In 2017, some white people still assume that the only kind of relationship that can occur between whites and people of color is one of employer to employee. That’s racist.
Aside from the adorbs reaction of most viewers, the viral video of Robin E. Kelly — a professor of political science at South Korea’s Pusan National University — in a remote interview with BBC News about North and South Korean relations has been gaining traction for another, more disappointing reason.
As the video shows, not far into the interview, a child playfully wanders into Kelly’s office, quickly followed by a baby in a walker and an Asian woman, who wrangles the two children out. It’s one of the funniest and most precious things circulating on the web right now.
What’s not precious is some (white) people’s assumption that the Asian woman is Kelly’s servant or nanny. She’s not. She’s his wife.
Of course, the bigger question is: why did some people assume that this Asian woman was the hired help to Kelly, a white man? Why did so many people assume that she was “frantic” and “frenzied” for fear of losing her lowly position, not because she’s a mother behaving as a mother?
Angry Asian Man blogger Phil Yu had a go at these questions and offered this simple, but concise, observation: “People fell back on stereotypes.”
Elaborating, he said, “There are stereotypes of Asian women as servile, as passive, as fulfilling some kind of service role.”
What he’s describing here is, basically, none other than good old-fashion racism.
Whether we’re referring to Mammy and black Jezebel, the sassy Latina or the docile Asian woman, racism finds a host to feed off of using exaggerated, erroneous and destructive stereotypes. These stereotypes reinforce what Toni Morrison calls “the master’s narrative,” a blunt concept that invokes the African American slave experience as well as the history of racism in the human species.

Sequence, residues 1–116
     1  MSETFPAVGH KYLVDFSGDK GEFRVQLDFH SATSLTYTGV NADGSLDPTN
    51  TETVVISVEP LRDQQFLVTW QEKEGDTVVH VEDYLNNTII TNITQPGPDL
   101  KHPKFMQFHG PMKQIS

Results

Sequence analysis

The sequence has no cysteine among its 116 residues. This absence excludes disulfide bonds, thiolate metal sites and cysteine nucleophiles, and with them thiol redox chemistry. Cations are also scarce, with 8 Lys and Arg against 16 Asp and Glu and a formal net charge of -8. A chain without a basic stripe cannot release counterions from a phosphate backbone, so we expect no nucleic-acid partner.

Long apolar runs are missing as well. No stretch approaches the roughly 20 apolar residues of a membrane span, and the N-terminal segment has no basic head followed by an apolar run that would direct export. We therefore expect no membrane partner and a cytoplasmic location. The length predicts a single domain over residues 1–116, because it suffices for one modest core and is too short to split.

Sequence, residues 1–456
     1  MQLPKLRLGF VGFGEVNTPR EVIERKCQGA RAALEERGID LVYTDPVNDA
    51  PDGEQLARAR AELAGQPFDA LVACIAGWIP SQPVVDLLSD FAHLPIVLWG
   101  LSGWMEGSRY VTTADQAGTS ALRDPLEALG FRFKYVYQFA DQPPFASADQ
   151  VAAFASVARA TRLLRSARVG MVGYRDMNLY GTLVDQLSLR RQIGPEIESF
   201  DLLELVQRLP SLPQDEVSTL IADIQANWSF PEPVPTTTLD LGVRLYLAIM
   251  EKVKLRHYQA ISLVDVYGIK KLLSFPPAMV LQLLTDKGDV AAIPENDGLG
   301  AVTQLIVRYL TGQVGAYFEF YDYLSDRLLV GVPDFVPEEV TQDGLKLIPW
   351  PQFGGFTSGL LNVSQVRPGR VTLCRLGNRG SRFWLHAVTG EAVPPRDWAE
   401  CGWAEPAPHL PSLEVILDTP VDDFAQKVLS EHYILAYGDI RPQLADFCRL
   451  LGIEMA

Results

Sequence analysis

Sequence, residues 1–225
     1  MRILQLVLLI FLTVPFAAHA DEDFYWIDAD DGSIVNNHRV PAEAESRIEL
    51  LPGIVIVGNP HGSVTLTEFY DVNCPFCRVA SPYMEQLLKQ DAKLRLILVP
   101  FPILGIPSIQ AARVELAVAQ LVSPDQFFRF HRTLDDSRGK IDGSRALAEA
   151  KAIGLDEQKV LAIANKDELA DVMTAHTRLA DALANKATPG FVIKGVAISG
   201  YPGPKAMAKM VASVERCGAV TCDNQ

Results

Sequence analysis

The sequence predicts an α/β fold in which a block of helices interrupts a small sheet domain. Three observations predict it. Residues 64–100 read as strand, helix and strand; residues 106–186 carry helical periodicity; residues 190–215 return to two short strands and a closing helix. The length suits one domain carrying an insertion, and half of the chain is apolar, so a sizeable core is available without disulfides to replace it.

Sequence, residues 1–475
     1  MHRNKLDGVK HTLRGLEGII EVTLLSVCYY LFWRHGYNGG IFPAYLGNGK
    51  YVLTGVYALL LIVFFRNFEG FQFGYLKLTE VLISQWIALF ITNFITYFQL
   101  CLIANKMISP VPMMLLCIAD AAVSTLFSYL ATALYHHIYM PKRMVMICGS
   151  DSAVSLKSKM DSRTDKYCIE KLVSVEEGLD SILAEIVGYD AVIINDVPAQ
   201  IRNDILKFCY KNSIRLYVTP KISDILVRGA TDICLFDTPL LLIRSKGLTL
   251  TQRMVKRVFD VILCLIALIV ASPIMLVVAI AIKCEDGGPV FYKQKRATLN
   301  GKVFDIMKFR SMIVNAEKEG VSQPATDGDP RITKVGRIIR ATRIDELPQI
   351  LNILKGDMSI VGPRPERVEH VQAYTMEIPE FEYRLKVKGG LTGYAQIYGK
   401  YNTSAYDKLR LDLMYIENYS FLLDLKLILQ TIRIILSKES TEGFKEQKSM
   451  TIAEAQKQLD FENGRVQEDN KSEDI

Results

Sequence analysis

In the master’s narrative, the slaves (blacks and people of color) must always be depicted, portrayed or cast in a subservient position relative to the freedom and absolute rule of massa or boss (whites). The master is the better of the slave, white is the better of non-white and this must be shown. And from this exhibition arose the very stereotypes pointed out earlier, a tool of racialization that has historically served to substantiate the inferior position of an inferior people.
In 2017, many whites are still desperately clinging to the master’s narrative, frantically holding on to the frail program of white supremacy, still believing that to be white is to reside at the top of the human pyramid and to be a person of color is occupy the bottom.
Think about that for a moment. In 2017, some white people still assume that the only kind of relationship that can occur between whites and people of color is one of ruler to ruled, lord to servant, master to slave, employer to employee.
In this case, it is a white professor and his Asian wife. But the #nothenanny hashtag reminds us that there are plenty of other examples of this particular form of racist stereotyping, of insisting that the universal function of women of color is to serve powerful, white men.
Think about what that says about us as a country — as a world. Then think about the kinds of pejoratives that makes you want to throw at the next person who says we live in a post-racial America.